All You Need to Know About the IATA Codes

International Air Transport Association (IATA) airport codes are location identifiers, much like ICAO codes. However, the purpose of both are different. While air traffic controllers mostly use ICAO codes, IATA codes are mostly used on tickets, baggage tags, and other airport services. It's used extensively by airlines to help passenger and luggage transfers.

In fact, IATA codes aren't just used for airlines. Sometimes they are also used for the railway stations and airport handling entities. Historically, it started out as two-letter system, which was used by National Weather Service for identifying cities in United States. With time, it became difficult to manage things as the air traffic grew. Therefore, the system was changed to a three-letter system.

Structure and how the codes are made

Airports are coded normally based on the first three letters or the combination of letters of the city's name; such as ATL for Atlanta, MEX for Mexico City, and JNB for Johannesburg.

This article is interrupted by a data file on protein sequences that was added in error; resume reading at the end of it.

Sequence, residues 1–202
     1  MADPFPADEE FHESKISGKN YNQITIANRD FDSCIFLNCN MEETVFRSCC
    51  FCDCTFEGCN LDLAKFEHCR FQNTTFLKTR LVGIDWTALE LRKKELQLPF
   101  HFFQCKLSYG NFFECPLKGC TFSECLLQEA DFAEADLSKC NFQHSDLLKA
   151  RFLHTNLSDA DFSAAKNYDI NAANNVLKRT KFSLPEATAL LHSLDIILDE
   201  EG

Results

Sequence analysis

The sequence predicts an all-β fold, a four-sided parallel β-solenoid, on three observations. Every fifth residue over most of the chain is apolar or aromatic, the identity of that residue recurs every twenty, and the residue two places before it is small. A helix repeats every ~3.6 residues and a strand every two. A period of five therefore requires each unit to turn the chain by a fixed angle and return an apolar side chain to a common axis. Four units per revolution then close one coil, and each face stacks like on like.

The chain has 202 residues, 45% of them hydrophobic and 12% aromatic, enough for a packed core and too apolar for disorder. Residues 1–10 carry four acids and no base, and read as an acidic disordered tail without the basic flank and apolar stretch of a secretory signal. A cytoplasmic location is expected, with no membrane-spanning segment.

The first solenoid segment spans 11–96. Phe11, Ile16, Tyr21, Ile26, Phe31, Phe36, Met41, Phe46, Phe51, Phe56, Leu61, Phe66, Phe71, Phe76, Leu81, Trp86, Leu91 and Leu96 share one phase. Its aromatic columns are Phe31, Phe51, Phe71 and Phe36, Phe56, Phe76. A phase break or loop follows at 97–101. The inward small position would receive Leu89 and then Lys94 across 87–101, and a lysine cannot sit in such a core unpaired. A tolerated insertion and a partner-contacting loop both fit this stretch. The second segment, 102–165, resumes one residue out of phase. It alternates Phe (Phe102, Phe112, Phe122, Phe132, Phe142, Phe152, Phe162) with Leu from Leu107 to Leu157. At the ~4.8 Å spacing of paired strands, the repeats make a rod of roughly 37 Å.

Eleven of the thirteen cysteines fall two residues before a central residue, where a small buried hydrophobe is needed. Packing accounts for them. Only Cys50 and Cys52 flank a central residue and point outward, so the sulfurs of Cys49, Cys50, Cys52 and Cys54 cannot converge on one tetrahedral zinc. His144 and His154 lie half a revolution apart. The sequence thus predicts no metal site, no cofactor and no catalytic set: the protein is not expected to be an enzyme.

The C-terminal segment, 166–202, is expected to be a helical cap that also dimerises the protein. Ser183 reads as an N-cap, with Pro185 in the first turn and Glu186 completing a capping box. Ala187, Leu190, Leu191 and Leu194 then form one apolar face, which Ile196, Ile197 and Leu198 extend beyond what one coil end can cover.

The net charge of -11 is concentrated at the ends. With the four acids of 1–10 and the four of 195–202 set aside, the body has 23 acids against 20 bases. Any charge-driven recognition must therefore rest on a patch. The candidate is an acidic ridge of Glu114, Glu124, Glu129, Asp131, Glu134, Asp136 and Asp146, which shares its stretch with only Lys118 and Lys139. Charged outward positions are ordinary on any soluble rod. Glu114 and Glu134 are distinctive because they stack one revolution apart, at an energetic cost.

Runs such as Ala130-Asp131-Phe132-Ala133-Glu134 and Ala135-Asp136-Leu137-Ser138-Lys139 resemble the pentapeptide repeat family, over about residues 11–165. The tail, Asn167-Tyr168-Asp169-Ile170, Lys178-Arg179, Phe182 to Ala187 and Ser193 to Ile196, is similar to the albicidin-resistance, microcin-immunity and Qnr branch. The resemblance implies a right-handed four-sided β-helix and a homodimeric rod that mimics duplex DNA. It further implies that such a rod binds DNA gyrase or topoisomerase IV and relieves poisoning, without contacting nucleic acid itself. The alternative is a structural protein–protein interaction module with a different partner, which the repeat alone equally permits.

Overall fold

The convention isn't a rule. Custom Conventions are sometimes used in the name taking into account factors like the country, airport name, or even municipality region in which the airport is situated (common when there are multiple airports in the same city). Here are a few other custom conventions for assigning IATA code.

  • In case, a city has two airports like metropolitan cities of New York use, the airports name to designate the IATA code. For London's airport, Heathrow uses LHR; Gatwick uses LGW, London City uses LCY, and so on. And in case, the reverse occurs, such as two cities has the same name than different codes are assigned to differentiate both cities.
  • When a new airport comes up in the city apart from the older one, or there are two airports within the city, the code for the two airports cannot be the same. This is because of the rules, that states that first and second, second and third letters of identifiers cannot be duplicated within 200 nautical miles. Hence, different identifiers are used to separate it from duplicate city.
  • Sometimes codes are based on the old names of airport such as Chicago's O'Hare use ORD that was Orchard Field before.

Exceptions

The exceptions are many and sometimes airports use the historical name of the city - for instance Kolkata airport that was named Calcutta earlies, uses the code CCU.

  • US Navy has reserved N codes while Federal Communication Commission has reserved W, and K for themselves. Hence, cities that begin with these letters adopted different letters for instance , Mumbai use BOM and Chennai use MAA.
  • All Canadian airport use codes that begin with Y such as YVR for Vancouver. However, all codes beginning with Y are not Canadian airports. Similarly, most of the New Zealand airports use Z letter.